Topic 2: Bonding and Structure Flashcards Preview

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Flashcards in Topic 2: Bonding and Structure Deck (52):

What is an ionic bond?

- an ionic bond is the strong electrostatic attraction between two oppositely charged ions


What two things affect the strength of the ionic bond?

- ionic charges
- ionic radii


How do ionic charges affect the strength of the ionic bond?

- in general, the greater the charge on an ion, the stronger the ionic bond
- therefore, higher melting/boiling point


How do ionic radii affect the strength of the ionic bond?

- smaller ions can pack closer together than the larger ions
- electrostatic attraction gets weaker with distance, so small, closely packed ions have stronger ionic bonding than larger ions
- therefore, ionic compounds with small, closely packed ions have higher melting and boiling points


What affects the size of an ion?

- the number of electron shells
- its atomic number


Explain the trend in ionic radii as you go down a group

- the ionic radius increases as you go down a group
- as you go down the group, the ionic radius increases as the atomic number increases
- this is because more electron shells are added


Describe isoelectronic ions and its trends

- isoelectronic ions are ions of different atoms with the same number of electrons
- the ionic radius of a set of isoelectronic ions decreases as the atomic number increases
- as you go through a series of ions, the number of electrons stay the same, but the number of protons increase
- this means that the electrons are attracted to the nucleus more strongly, pulling them in, so the ionic radii decreases


What structures do ionic compounds form?

- giant ionic lattice structures
- a lattice is a regular structure
- the structure is giant because the basic unit is repeated


Why do ionic compounds form giant ionic structures?

- each ion is electrostatically attracted in all directions to ions of the opposite charge


What are the physical properties of ionic compounds?

- hard, brittle crystalline substances
- high boiling and melting points: ions are held together by strong electrostatic attraction.
- are often soluble in water and other polar solvents, but insoluble in non-polar solvents: this tells us that the particles are charged, as ions are pulled apart by polar molecules e.g. water
- don't conduct electricity when solid but do when molten or dissolved: ions are fixed in a position by strong ionic bonds in a solid, but are free to move as a liquid, or in a solution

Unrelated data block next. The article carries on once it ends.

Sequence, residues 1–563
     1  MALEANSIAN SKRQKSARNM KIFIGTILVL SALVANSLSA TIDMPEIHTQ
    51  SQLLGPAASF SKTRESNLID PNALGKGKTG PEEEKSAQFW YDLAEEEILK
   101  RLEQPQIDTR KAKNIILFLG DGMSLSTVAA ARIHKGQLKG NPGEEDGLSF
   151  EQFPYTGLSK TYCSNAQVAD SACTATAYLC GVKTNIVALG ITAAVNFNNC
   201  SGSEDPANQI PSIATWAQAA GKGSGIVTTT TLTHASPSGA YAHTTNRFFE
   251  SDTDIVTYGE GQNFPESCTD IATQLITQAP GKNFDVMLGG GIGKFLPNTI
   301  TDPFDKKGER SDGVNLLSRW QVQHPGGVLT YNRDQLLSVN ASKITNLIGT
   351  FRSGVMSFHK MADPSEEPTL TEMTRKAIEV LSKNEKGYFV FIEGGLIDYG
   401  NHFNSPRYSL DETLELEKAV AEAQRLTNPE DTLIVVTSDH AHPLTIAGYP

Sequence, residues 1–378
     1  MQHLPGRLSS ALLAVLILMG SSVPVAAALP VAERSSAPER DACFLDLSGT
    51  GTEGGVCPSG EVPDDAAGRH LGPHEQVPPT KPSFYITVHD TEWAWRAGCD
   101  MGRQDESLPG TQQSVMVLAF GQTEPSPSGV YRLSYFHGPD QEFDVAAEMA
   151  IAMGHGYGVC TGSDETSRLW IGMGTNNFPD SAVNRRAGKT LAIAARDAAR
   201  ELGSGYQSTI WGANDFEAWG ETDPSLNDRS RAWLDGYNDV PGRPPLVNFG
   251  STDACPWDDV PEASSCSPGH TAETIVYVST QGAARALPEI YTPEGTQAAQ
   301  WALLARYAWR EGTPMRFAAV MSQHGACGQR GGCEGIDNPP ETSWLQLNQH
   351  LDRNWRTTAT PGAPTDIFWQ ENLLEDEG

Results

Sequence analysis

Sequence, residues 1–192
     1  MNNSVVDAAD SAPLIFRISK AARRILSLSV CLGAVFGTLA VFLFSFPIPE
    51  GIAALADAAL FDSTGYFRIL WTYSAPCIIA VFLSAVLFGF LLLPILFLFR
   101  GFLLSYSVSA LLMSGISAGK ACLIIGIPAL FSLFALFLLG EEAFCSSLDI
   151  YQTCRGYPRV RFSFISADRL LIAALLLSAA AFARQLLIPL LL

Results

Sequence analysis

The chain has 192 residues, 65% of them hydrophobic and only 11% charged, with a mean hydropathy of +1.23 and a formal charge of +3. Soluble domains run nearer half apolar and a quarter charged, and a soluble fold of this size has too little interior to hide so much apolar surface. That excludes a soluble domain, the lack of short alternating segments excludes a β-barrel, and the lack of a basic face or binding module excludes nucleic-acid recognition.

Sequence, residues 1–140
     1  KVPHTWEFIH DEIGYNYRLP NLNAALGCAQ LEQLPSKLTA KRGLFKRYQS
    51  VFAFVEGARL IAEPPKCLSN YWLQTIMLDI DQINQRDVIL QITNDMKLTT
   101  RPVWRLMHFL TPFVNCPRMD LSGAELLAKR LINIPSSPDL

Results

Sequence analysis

- ionic compounds can't be shaped: if you pull layers over each other, there will be strong repulsion between the like-charges, so they are brittle


What is a covalent bond?

- the strong electrostatic attraction between the two positive nuclei and the shared electrons in the bond


What is bond length?

- in covalent molecules, the positive nuclei are attracted to the area of electron density between the two nuclei
- however, the two positively charged nuclei repel each other, as do the electrons
- the distance between the two nuclei is the distance where the attractive and repulsive forces balance each other
- this is bond length


What is bond enthalpy?

- the higher the electron density between the nuclei (i.e. the more electrons in the bond), the stronger the attraction between the atoms, the higher the bond enthalpy and the shorter the bond length


What is dative covalent bonding?

- one atom donates both electrons to a bond


What do molecular shape depend on?

- depends on the number of pairs of electrons in the outer cell of the central atom


What type of electron pair repel more than others?

- lone pairs
- this means the greatest angles are between lone pairs of electrons
- bong angles between bonding pairs are often reduced because they are pushed together by lone pair repulsion


Give the bond angles for different types of electron pairs

no lone pair: 109.5 e.g. methane
one lone pair: 107 e.g. ammonia
two lone pairs: 104.5 e.g. water


What do you call molecules with 2 electron pairs around the central atom?

- linear


What do you call molecules with 3 electron pairs around the central atom?

- no lone pair: trigonal planar
- one lone pair: bent (119)


What do you call molecules with 4 electron pairs around the central atom?

- no lone pair: tetrahedral
- 1 lone pair: trigonal pyramidal
- 2 lone pairs: bent


What do you call molecules with 5 electron pairs around the central atom?